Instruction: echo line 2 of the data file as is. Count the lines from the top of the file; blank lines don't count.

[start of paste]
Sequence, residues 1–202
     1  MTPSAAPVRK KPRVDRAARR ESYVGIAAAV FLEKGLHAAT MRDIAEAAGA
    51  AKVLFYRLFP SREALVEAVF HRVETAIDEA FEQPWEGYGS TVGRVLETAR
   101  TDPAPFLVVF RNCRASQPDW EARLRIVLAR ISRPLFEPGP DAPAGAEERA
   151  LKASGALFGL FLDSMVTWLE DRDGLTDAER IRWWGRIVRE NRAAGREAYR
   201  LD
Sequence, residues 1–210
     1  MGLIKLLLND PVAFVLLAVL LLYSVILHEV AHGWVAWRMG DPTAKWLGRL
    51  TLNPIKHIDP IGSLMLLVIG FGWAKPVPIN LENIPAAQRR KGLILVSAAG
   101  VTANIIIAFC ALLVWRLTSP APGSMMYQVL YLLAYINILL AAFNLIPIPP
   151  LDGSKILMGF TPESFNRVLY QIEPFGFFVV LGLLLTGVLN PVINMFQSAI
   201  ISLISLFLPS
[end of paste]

     1  MTPSAAPVRK KPRVDRAARR ESYVGIAAAV FLEKGLHAAT MRDIAEAAGA